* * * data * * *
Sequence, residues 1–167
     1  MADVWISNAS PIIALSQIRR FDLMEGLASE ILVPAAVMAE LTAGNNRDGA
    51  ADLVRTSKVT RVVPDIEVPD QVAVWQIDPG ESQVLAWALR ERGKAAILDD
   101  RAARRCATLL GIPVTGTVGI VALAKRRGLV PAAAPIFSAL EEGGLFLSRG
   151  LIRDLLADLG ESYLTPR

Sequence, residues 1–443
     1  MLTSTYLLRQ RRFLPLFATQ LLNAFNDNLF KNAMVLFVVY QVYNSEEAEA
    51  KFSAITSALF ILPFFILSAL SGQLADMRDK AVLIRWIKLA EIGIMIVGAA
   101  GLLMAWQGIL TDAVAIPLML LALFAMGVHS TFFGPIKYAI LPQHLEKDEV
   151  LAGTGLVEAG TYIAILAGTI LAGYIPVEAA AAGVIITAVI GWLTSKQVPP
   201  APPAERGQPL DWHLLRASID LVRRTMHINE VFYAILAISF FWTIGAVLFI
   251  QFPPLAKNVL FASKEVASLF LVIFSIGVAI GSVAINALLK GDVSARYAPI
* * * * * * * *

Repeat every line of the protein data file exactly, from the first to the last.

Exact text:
Sequence, residues 1–167
     1  MADVWISNAS PIIALSQIRR FDLMEGLASE ILVPAAVMAE LTAGNNRDGA
    51  ADLVRTSKVT RVVPDIEVPD QVAVWQIDPG ESQVLAWALR ERGKAAILDD
   101  RAARRCATLL GIPVTGTVGI VALAKRRGLV PAAAPIFSAL EEGGLFLSRG
   151  LIRDLLADLG ESYLTPR

Sequence, residues 1–443
     1  MLTSTYLLRQ RRFLPLFATQ LLNAFNDNLF KNAMVLFVVY QVYNSEEAEA
    51  KFSAITSALF ILPFFILSAL SGQLADMRDK AVLIRWIKLA EIGIMIVGAA
   101  GLLMAWQGIL TDAVAIPLML LALFAMGVHS TFFGPIKYAI LPQHLEKDEV
   151  LAGTGLVEAG TYIAILAGTI LAGYIPVEAA AAGVIITAVI GWLTSKQVPP
   201  APPAERGQPL DWHLLRASID LVRRTMHINE VFYAILAISF FWTIGAVLFI
   251  QFPPLAKNVL FASKEVASLF LVIFSIGVAI GSVAINALLK GDVSARYAPI